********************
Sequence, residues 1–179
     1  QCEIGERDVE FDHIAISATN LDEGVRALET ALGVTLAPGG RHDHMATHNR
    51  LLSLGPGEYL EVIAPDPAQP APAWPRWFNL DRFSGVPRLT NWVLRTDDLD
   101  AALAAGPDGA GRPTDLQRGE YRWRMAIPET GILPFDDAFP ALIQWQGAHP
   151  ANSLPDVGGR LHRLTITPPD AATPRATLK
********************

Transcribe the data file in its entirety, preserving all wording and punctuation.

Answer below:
Sequence, residues 1–179
     1  QCEIGERDVE FDHIAISATN LDEGVRALET ALGVTLAPGG RHDHMATHNR
    51  LLSLGPGEYL EVIAPDPAQP APAWPRWFNL DRFSGVPRLT NWVLRTDDLD
   101  AALAAGPDGA GRPTDLQRGE YRWRMAIPET GILPFDDAFP ALIQWQGAHP
   151  ANSLPDVGGR LHRLTITPPD AATPRATLK